From Institution to Independence

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by Cassandra Brandt, a C4 quadriplegic and SPINALpedia’s Community Outreach Coordinator

Sleeping Beauty by Joe Brochamante

As I rolled my power wheelchair through the doorway to my first independent home in more than four years, a sea of emotions swept over me. Pride. I worked hard for this moment. I advocated for the home based services I needed in my community. I took on multiple part time remote jobs. I jumped through all the hoops to qualify for this low income accessible apartment. It wasn’t a nice house like I could have afforded a decade ago, as a tradeswoman. But it was my own space in this world.

In the living room my dog stretched lazily in a patch of sun on my new rug, and my brother had put up my pink velvet curtains. No more white walls and harsh lights. No longer would I be forced to endure the understaffed institutions I’d been stuck in so long for lack of better resources. My nights here would be quiet and peaceful. My caregivers would come in as needed.

The autonomy the transition afforded me couldn’t be overstated.

Gaining my independence

Rolling into the cozy kitchen, the smart lights installed just for me clicked on. Heading into the bathroom down the hall, another emotion hit me when I spotted the roll-in shower.

Gratitude. Accessible housing is incredibly difficult to find. And affordable too? Forget about it. Resources are often the most limited in little rural communities like my own. I’d been waitlisted for local HUD for years, and on the wait list for the two local income-based apartment complexes for what felt like forever too.

In the years since my injury I had paid rent at typical ridiculously high rates, resorted to uncomfortable roommate situations and to using family members to provide free care in order to afford rent, and ultimately been forced to move into skilled nursing facilities and assisted living homes.

After touring my new apartment I rolled outside to sit in the warm Spring sun. The view of my hometown’s Sleeping Beauty mountain range would be gorgeous from my patio as it sank behind them that evening.

It struck me that I could stay up and watch it, no longer living my life on someone else’s schedule but setting my own.

Everyone deserves independence

The next emotion that hit me was indignation, but not for my situation this time. I want to advocate for others in institutional settings, help them to transition to independent living.

The transition will be challenging but the reward may be incredible. I applied for government assistance to go back to school and got into a vocational rehab program. The program provided me with psychological, physical and occupational therapy, and assisted me with adaptive equipment to increase autonomy and finding funds to finance my move.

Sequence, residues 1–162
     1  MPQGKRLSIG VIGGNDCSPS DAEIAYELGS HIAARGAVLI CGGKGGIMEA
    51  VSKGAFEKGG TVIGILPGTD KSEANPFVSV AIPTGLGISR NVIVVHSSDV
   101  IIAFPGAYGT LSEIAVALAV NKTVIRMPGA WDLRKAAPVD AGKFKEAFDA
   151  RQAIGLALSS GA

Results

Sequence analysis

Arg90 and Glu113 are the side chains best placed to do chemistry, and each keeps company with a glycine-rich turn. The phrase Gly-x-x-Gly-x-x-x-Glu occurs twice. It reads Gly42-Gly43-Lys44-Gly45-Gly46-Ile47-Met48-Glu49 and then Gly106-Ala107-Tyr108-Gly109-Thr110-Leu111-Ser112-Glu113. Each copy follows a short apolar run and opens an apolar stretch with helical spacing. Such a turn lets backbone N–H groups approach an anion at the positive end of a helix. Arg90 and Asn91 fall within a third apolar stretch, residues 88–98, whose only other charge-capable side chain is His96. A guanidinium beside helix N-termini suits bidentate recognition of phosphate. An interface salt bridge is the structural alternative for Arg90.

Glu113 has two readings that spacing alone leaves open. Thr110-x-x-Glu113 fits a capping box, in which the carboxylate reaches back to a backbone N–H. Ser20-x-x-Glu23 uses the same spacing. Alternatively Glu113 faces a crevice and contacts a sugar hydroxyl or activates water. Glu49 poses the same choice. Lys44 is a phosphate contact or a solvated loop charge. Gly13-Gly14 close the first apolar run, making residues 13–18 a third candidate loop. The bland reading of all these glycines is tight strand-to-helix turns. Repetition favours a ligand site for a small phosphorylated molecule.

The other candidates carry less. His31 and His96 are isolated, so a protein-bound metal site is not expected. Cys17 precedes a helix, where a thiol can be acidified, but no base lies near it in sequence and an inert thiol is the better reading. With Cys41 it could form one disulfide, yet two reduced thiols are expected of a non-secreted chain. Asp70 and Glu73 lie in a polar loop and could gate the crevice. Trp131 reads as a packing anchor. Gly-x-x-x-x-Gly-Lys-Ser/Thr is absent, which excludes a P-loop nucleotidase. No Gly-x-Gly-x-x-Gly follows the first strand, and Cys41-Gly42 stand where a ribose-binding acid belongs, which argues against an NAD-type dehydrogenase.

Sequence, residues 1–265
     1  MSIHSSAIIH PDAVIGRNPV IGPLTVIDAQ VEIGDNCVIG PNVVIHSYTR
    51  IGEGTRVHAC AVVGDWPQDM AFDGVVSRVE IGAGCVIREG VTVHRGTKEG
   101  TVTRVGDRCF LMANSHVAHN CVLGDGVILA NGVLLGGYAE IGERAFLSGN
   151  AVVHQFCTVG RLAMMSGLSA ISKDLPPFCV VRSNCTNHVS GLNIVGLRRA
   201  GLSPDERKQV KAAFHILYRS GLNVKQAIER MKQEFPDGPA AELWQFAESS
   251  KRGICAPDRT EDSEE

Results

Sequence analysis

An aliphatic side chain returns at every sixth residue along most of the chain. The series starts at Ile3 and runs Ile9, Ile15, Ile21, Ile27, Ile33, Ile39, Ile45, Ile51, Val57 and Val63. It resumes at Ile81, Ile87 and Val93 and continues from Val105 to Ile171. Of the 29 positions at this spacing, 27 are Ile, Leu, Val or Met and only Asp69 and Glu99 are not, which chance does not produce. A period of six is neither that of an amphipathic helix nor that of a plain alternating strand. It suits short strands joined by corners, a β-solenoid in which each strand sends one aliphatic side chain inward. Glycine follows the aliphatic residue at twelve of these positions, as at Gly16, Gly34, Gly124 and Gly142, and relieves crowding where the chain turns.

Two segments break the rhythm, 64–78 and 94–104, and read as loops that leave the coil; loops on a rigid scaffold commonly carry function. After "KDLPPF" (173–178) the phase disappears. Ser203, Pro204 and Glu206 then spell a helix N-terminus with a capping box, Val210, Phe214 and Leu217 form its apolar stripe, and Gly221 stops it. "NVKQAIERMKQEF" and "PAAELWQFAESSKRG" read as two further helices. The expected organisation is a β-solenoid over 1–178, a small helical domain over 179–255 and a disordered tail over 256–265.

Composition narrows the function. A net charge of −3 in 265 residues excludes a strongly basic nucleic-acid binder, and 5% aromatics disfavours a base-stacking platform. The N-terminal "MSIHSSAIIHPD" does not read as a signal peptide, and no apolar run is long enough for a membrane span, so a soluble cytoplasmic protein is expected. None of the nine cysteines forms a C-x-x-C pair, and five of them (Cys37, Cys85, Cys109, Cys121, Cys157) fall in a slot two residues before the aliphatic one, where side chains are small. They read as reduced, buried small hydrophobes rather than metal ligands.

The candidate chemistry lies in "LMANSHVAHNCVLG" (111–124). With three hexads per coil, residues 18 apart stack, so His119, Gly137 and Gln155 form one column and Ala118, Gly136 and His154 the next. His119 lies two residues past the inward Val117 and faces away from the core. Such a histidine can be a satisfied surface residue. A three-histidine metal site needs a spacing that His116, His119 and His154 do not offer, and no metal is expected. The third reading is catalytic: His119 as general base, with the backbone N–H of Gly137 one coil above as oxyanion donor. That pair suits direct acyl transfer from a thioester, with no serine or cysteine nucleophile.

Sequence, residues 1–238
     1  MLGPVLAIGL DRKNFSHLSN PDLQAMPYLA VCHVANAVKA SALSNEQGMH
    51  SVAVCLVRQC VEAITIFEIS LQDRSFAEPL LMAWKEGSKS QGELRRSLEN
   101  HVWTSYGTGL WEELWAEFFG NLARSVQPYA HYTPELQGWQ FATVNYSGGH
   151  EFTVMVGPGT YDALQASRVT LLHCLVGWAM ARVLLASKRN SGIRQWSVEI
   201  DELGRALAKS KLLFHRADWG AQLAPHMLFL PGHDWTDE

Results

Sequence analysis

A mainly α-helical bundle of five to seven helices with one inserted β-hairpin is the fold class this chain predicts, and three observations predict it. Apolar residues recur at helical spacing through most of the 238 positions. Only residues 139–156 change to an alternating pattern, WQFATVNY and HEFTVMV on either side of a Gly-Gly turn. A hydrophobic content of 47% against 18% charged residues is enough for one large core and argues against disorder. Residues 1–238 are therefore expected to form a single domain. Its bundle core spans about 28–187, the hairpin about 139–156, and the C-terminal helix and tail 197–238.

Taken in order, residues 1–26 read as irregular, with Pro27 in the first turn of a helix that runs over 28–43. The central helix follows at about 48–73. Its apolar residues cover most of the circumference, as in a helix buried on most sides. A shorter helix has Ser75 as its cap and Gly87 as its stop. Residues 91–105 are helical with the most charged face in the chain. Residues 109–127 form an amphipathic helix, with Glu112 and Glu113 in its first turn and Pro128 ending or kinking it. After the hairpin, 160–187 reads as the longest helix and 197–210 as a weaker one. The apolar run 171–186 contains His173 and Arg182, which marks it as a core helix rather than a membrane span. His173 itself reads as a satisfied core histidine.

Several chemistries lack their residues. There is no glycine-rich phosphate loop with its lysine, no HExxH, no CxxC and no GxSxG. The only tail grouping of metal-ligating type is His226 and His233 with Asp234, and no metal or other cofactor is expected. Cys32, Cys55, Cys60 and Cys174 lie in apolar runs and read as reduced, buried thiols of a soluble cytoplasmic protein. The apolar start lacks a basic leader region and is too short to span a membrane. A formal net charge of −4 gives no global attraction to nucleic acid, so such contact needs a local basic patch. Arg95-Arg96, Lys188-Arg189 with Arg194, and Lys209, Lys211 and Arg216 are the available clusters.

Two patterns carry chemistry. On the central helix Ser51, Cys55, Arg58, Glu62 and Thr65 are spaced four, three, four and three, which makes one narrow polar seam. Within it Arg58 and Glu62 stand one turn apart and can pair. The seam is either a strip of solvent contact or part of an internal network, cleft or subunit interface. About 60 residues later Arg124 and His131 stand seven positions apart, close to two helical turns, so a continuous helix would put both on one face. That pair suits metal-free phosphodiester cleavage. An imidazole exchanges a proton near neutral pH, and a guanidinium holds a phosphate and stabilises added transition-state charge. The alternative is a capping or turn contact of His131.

During my stay from time to time in the institutions I became acquainted with other younger people with disabilities stuck in those walls too. Their lives were very limited to that space and those schedules. The understaffing practices of these for profit institutions don’t allow for adequate time and care for anyone much less a high level quadriplegic like myself.

My institutionalization journey

While in the skilled nursing facility I missed important events because I had to be present at a particular time in order to get transferred into bed if I wanted to go to bed that night. This lack of autonomy over my schedule affected my education and employment efforts more than my lack of autonomy over my body.

I am a C4 complete quadriplegic and use voice tech and a mouth pen to type.

My level of injury and need for care have institutionalized me numerous times. Now at age 41, I’m winging it out in the world again, depending on caregiver agencies 80 miles away out of stark stubborn will to stay near my family.

As the sun began to sink that first evening it was as a magical as I had imagined it would be. Taking this independence for granted will never cross my mind. Maintaining it might be hard but giving up won’t cross it either.

In the meantime I will be blogging by night and advocating by day so that others stuck in these institutions will know they are not alone.

— Follow Cassandra’s independent living journey on IG here

Cassandra’s new front door

Cassandra on her patio

Her roll-in shower bathroom



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Spinal Cord Injury
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